In the essay, Rudd described at length his devotion to the legacy of Dietrich Bonhoeffer (the German theologian and anti-Nazi dissident) and cited the parable of the Good Samaritan.
“The biblical injunction to care for the stranger in our midst is clear,” he wrote. “That is why the government’s proposal to excise the Australian mainland from the entire Australian migration zone and to rely almost exclusively on the so-called Pacific Solution should be the cause of great ethical concern to all the Christian churches.”
A lot happened over the ensuing six years. Rudd was elected, duly implemented a more humane asylum seeker policy, which triggered a significant increase in boat arrivals, which in turn contributed to his colleagues’ decision to abjure (in the political sense, at least) Commandment Number Six when it came to knocking off PMs.
His successor, Julia Gillard, set about restoring much of the Howard Government’s tough border regime — even eventually offering, in August 2012, to reopen Nauru and Manus Island for offshore processing. In chaos, the Labor party struck again and re-elected Rudd, who no longer spoke of Bonhoeffer.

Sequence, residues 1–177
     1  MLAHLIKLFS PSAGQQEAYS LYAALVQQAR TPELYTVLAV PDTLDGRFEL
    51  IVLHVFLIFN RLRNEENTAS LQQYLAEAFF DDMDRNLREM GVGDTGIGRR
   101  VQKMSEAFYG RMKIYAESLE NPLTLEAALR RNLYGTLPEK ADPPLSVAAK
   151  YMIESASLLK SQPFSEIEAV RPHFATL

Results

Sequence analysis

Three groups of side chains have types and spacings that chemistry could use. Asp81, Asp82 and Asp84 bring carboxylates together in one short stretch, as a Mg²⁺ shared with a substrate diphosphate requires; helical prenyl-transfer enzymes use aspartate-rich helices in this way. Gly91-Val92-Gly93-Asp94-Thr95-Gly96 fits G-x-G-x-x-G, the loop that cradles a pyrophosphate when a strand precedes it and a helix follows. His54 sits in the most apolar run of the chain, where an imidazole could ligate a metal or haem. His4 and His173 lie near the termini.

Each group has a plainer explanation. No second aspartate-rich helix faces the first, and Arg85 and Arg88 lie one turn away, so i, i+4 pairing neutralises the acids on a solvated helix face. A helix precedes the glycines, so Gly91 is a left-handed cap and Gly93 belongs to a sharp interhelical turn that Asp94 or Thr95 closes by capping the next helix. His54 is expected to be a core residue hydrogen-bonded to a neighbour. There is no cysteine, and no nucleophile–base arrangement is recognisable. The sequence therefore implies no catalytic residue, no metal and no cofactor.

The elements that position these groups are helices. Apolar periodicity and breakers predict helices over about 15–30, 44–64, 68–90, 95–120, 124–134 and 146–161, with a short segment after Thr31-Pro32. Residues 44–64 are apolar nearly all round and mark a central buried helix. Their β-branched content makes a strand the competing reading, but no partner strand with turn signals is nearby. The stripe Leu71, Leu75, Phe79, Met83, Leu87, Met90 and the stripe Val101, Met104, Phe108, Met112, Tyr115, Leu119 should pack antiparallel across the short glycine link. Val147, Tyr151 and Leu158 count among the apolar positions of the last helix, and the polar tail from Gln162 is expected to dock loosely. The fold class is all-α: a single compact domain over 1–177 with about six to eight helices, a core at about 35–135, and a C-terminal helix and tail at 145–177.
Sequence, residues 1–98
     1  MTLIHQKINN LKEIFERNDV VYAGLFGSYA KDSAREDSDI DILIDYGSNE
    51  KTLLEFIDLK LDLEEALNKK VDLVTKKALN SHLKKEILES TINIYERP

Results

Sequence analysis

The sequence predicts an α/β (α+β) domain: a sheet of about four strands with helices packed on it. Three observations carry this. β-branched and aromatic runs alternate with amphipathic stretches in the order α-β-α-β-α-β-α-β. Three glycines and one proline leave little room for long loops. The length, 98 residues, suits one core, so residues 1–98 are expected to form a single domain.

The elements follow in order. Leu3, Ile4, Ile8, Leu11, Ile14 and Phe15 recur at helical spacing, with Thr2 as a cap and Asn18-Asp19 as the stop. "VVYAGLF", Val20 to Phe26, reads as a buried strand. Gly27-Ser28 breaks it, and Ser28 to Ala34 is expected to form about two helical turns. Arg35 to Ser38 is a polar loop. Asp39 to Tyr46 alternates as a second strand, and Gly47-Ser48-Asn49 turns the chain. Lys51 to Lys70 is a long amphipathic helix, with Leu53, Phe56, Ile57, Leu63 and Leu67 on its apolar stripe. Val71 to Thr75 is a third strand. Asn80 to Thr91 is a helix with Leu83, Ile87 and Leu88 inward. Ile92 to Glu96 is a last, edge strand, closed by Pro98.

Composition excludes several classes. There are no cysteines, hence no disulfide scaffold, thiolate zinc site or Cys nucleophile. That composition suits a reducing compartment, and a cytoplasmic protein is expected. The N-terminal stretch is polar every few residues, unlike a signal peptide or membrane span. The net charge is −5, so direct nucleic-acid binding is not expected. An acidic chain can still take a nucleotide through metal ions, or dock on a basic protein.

The original essay was a canny political manoeuvre — part of the Rudd strategy to steal some bases in the territory of the faithful previously occupied by Howard’s Coalition.
But when the tenets of faith come up against the demands of politics, guess what wins?
Jesus was pretty clear that the little people mattered. “Inasmuch as ye have done it unto one of the least of these my brethren, ye have done it unto me,” he remarked at Matthew 25:40.
But that is not how the politics of border protection work. Because — to take the example of the Biloela family facing deportation that has prompted some Labor figures to invoke the Bible in an appeal to the Prime Minister — what is done to the least of Jesus’s brethren is done to serve as a brutal reminder to the rest of them not to try anything.